Appendicitis, Diverticulitis, and Colitis
Appendicitis, diverticulitis, and colitis are common gastrointestinal conditions presenting to the emergency department (ED). Although it is a common condition, the diagnosis of appendicitis remains challenging, and the approach to this disease continues to evolve. The diagnostic approach to diverticulitis is more straightforward, and treatment and the decision whether to hospitalize varies with disease severity. Colitis may be caused by inflammatory bowel disease, ischemia, or infection. This article details an ED-based approach to each of these disease entities.
• Appendicitis • Diverticulitis • Colitis • Inflammatory bowel disease • Clostridium difficile • Emergency medicine
Overview and Epidemiology
Appendicitis is the most common cause of abdominal pain requiring surgical intervention. The lifetime risk of appendicitis is approximately 7%, with a current incidence of 86 per 100,000 patients per year.1 Rates of appendicitis are highest in the second decade of life, with a slightly higher incidence of appendicitis occurring in males (ratio 1.4:1).2 Appendiceal perforation rates also vary; patients at extremes of age are more likely to have perforated at their time of diagnosis.1 Early diagnosis of appendicitis is paramount, because patient morbidity is increased once appendicitis becomes complicated by abscess and perforation.
The appendix is located on the posteromedial surface of the cecum, approximately 3 cm from the ileocecal valve. Its length varies from 8 to 13 cm, and its anatomic location within the abdomen is variable.3 Although the appendix has no known function, recent studies propose that it acts as a reservoir for commensal bacteria in the colon.4
Appendicitis occurs when the appendiceal lumen becomes obstructed by fecaliths, adhesions, enlarged lymph nodes, foreign bodies, parasites, or, less commonly, tumors.5,6 Once obstruction occurs, the intraluminal pressure within the appendix begins to increase as mucosal secretions accumulate, leading to appendiceal distension. This distension in turn stimulates visceral afferent nerves that enter the spinal cord at the T8 to T10 level, causing dull epigastric or periumbilical pain. As obstruction continues, pressures within the appendix impede venous and lymphatic drainage, allowing bacteria and neutrophils to invade the walls of the appendix. More localized pain occurs after continued inflammation within the appendiceal serosa causes irritation of local somatic fibers on the parietal peritoneum. If this process remains unchecked, the appendix becomes gangrenous and is at risk for perforation, abscess formation, and peritonitis, often within 24 to 36 hours of symptom onset.7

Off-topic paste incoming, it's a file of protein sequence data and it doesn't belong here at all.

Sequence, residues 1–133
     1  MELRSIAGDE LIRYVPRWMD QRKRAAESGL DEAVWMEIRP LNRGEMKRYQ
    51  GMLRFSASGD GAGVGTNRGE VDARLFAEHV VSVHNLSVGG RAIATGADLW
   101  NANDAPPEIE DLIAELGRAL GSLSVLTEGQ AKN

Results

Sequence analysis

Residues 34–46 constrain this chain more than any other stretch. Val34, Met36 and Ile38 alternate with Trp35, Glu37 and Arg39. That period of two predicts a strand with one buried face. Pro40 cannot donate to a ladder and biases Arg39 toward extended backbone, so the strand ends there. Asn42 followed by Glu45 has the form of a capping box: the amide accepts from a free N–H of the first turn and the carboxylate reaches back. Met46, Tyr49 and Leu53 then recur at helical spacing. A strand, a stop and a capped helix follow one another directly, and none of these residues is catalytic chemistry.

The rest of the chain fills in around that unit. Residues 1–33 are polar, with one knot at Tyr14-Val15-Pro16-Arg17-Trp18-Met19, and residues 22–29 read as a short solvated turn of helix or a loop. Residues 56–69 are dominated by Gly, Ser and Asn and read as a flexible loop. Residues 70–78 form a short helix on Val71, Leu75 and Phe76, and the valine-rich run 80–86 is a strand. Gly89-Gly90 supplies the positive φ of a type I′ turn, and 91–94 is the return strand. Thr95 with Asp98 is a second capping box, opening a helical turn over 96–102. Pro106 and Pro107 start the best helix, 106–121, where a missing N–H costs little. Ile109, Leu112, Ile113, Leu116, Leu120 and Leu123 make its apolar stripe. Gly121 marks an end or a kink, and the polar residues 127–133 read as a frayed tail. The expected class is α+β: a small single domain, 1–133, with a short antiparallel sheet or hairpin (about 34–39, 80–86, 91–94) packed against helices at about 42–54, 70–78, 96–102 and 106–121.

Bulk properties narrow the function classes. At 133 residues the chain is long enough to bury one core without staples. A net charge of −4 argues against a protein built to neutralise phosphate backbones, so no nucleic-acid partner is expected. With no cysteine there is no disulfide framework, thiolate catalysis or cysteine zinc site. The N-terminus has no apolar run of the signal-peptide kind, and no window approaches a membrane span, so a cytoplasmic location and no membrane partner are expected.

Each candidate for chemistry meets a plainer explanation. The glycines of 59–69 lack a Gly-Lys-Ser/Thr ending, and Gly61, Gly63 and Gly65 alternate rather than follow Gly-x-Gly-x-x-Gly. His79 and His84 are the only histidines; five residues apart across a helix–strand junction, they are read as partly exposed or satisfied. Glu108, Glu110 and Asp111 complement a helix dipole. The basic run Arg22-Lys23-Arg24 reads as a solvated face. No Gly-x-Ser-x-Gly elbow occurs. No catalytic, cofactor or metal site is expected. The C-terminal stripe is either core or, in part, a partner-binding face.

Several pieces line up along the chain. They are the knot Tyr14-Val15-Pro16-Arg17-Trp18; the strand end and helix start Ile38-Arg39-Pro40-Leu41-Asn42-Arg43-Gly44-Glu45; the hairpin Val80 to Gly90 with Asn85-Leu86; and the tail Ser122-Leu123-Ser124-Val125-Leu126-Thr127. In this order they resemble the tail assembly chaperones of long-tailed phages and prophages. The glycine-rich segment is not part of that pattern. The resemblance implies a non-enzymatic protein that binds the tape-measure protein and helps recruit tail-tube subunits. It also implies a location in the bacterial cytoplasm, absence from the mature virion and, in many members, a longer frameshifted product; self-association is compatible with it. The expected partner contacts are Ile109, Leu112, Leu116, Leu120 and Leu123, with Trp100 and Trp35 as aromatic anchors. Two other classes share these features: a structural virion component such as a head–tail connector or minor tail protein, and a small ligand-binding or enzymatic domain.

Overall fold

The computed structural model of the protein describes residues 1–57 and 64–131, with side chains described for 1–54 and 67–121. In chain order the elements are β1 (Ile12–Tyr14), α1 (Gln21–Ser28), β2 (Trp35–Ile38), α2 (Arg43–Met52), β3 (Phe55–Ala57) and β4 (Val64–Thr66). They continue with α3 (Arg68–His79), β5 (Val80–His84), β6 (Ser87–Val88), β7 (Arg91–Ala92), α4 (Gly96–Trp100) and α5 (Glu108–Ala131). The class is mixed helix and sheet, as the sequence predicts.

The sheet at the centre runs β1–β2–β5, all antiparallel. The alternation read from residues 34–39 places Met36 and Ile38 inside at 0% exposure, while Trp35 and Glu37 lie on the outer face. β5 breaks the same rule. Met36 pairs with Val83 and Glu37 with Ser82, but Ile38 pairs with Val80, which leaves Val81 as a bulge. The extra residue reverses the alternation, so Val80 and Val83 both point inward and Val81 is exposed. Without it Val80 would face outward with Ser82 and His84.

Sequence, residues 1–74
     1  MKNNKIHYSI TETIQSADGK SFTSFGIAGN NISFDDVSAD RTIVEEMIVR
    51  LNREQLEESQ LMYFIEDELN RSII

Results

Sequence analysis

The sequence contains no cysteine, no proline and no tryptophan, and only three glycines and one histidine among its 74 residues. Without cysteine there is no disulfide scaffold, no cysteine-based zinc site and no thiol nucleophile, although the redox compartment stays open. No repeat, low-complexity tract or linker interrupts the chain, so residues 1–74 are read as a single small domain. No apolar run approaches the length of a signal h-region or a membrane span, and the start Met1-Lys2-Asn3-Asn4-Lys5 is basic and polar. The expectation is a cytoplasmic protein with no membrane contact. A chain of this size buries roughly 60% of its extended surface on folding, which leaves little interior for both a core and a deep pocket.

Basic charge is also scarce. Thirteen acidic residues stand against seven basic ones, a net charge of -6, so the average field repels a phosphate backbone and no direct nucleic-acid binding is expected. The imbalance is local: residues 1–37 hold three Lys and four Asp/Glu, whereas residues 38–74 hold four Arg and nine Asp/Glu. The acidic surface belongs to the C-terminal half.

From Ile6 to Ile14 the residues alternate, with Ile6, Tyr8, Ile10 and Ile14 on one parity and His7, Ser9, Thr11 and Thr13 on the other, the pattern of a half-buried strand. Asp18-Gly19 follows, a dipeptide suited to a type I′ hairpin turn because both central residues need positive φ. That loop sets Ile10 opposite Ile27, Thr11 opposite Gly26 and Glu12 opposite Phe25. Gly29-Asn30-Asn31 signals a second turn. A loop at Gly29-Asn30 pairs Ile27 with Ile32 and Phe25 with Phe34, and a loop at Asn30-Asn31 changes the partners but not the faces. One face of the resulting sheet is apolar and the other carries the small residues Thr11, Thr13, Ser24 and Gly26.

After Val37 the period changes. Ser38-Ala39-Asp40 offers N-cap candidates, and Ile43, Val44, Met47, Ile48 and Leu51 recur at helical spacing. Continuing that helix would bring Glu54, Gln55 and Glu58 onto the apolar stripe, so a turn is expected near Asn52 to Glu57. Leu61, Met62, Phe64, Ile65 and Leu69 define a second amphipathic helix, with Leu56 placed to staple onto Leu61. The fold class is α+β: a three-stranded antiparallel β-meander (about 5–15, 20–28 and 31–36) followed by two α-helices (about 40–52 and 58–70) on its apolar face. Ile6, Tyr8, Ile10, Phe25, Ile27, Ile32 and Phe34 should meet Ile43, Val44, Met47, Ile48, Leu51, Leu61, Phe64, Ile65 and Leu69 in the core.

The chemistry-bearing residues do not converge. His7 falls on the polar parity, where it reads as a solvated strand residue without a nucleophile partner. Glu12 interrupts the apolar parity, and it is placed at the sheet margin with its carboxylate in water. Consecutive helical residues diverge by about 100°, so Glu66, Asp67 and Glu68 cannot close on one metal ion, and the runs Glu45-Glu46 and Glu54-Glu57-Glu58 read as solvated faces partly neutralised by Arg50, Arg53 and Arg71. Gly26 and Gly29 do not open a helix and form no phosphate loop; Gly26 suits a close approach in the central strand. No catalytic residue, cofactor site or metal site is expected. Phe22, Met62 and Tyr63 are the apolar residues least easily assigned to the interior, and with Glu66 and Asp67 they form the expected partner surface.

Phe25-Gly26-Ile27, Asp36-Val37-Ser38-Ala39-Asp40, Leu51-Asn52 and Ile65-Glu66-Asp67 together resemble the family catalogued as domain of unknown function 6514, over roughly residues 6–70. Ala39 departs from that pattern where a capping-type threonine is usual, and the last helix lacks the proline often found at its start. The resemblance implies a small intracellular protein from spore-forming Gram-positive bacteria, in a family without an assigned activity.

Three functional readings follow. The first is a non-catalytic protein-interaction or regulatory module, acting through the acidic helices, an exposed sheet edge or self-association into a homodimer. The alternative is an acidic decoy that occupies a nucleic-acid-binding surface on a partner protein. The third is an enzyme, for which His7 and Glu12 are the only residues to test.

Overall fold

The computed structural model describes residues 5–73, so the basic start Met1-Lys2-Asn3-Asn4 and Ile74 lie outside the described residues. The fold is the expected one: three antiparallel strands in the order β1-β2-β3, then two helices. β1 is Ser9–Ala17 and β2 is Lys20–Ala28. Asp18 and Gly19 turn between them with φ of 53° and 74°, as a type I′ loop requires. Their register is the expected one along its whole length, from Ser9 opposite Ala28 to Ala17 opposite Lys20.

Classically, a patient with appendicitis presents with constant pain that is poorly localized to the periumbilical or epigastric region, and is accompanied by anorexia, nausea, and vomiting. Vomiting usually begins after the abdominal pain. Illness progression leads to migration of pain to the right lower quadrant at the area of the McBurney point, and can be accompanied by low-grade fever. A meta-analysis evaluating patients with abdominal pain reported an increased likelihood of appendicitis when the patient’s pain was located in the right lower quadrant, had migrated from the periumbilical region, and had been accompanied by fever.8
However, this classic clinical presentation is not always present, partly because of the variability of the appendiceal location within the abdomen. For example, the appendix may lie in a retrocecal, retroiliac, or pelvic location, leading to pain in the right flank, pelvis, testicle, suprapubic region, or even left lower quadrant if the appendix crosses the midline. Likewise, patients may experience dysuria, urinary frequency, diarrhea, or tenesmus depending on the location of the inflamed appendix. These varied positions of the appendix and their associated complaints can delay the early diagnosis of appendicitis and increase the risk of gangrene and perforation.9
Multiple physical examination findings exist to aid in the diagnosis of appendicitis. Pain with palpation is classically found at the McBurney point, located “exactly between an inch and a half and two inches from the anterior spinous process of the ileum on a straight line drawn from that process to the umbilicus.”10 A positive Rovsing sign is present when palpation of the left lower quadrant elicits tenderness in the right lower quadrant. Patients may also show rebound tenderness or guarding, which are responses to the inflamed parietal peritoneum, and, when present, have been found to be independent predictors of appendicitis.11